The fourth attribute is Malik-i-Yaum-id-Din. This also discloses His hidden Being as by virtue of it He rewards the righteous and chastises the wicked. These four attributes bear aloft His ‘Arsh. That is to say, His hidden Being is recognized in this world through these attributes. This recognition will be doubled in the hereafter, that is to say, eight angels, instead of four, will bear aloft the ‘Arsh.

[Chashma-e-Ma‘rifat, Ruhani Khaza’in, Vol. 23, pp. 278-279]

The Unity of God is a light which illumines the heart after the so-called outer and inner deities are totally negated, and it courses through every particle of man's being. It cannot be acquired by anyone on his own, but only through God and His Messenger. Man's function is that he should impose a death upon his ego and should discard the satanic vanity that he is a learned person. He should deem himself ignorant and should be occupied with supplication. Then the light of Unity would descend upon him from God and would bestow new life upon him.

[Haqiqat-ul-Wahi, Ruhani Khaza’in, Vol. 22, p. 148]

As ever since the creation of the world the recognition of God is tied up with the recognition of a Prophet, it is impossible that the knowledge of Unity could be obtained except through a Prophet. A Prophet is a mirror for the beholding of God. It is only through this mirror that the countenance of God may be seen. When God Almighty desires to manifest Himself to the world, He sends a Prophet into the world who is the manifestation of His Powers and to whom He displays His Rububiyyat. Then the world realizes that God is.

It is a part of the Unity of God to believe in those who have been under the eternal law of God appointed as a means of the recognition of God. Without this belief, faith in the Unity of God cannot be perfected. It is not possible to achieve faith in the pure Unity of God, which is created from the fountain of perfect certainty, in the absence of heavenly signs and wonders which are displayed by the Prophets whereby they lead people to full understanding. They are a group that points to God and through whom God, Whose Being is imperceptible upon imperceptible and hidden upon hidden, manifests Himself. That hidden Treasure, Whose name is God, has ever been recognized through the Prophets. The acquisition of faith in the Unity of God, which is estimated as true Unity by God Himself, except through a Prophet, is as much opposed to reason as it is contrary to the experience of all seekers after God.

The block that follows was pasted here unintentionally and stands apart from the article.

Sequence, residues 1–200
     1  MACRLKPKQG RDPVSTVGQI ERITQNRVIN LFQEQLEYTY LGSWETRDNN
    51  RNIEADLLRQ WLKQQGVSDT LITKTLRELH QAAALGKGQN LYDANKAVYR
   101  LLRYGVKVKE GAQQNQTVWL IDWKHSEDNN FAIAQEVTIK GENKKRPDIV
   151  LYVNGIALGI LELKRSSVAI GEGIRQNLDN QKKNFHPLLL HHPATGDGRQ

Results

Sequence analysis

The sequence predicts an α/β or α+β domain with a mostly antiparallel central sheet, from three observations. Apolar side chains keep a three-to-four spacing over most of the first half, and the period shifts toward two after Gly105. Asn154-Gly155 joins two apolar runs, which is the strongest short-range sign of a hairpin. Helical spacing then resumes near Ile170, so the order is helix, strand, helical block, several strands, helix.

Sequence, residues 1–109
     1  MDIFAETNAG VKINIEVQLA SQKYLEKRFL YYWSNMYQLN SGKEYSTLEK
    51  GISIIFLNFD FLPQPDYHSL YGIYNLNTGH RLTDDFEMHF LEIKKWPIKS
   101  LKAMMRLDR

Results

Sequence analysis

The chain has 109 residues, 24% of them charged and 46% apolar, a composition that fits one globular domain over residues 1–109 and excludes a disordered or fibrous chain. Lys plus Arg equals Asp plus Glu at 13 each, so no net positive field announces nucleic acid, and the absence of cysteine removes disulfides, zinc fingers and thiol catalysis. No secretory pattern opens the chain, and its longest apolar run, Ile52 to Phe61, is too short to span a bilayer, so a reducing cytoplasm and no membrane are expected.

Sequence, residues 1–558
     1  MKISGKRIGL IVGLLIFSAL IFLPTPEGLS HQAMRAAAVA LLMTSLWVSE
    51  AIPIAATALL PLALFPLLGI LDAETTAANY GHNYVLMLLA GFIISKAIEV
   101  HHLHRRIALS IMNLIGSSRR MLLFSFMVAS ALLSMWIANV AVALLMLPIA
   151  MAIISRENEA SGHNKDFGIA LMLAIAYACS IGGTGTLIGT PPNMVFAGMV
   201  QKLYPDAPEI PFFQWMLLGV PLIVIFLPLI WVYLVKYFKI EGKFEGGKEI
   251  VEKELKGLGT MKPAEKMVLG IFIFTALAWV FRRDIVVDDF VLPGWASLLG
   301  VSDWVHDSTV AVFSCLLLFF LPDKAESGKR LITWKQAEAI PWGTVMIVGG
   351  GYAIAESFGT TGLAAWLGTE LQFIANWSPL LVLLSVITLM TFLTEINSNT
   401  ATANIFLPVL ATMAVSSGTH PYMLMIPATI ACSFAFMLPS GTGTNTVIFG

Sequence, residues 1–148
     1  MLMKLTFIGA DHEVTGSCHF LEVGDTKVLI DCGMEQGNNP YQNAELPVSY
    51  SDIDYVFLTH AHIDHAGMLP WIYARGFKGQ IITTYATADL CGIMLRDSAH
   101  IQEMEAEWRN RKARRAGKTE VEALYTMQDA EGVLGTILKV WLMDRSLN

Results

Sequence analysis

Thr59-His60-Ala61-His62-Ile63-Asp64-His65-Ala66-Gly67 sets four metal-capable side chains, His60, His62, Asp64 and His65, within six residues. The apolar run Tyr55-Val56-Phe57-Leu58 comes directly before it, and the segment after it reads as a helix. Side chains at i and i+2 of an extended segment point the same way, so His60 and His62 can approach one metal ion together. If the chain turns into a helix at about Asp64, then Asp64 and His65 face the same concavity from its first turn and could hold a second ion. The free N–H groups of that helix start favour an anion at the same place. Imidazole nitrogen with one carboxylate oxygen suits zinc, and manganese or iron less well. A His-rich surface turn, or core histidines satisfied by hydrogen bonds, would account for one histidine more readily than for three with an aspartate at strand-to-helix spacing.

[Haqiqat-ul-Wahi, Ruhani Khaza’in, Vol. 22, pp. 115-116]

The true Unity of God, the affirmation of which is demanded by God and upon which salvation depends, is to believe that God in His Being is free from every associate, whether it is an idol or a human being, or the sun or moon or one's ego, or one's cunning or deceit; and to conceive of no one as possessing power in opposition to Him, nor to accept anyone as sustainer, nor to hold anyone as bestowing honour or disgrace, nor to consider anyone as helper or assistant; and to confine one's love to Him and one's worship to Him and one's humility to Him and one's hopes to Him and one's fear to Him. No Unity can be complete without the following three types of particularisation. First, there is the Unity of Being, that is to say, to conceive the whole universe as nonexistent in contrast with Him and to consider it mortal and lacking reality. Secondly, the Unity of attributes, that is to say, that Rububiyyat and Godhead are confined to His Being and that all others who appear as sustainers or benefactors are only a part of the system set up by His hand. Thirdly, the Unity of love and sincerity and devotion; that is to say, not to consider anyone as an associate of God in the matter of love and worship and to be entirely  lost in Him.

[Siraj-ud-Din ‘Isa’i ke Char Sawalon ka Jawab, Ruhani Khaza’in, Vol. 12, pp. 349-350]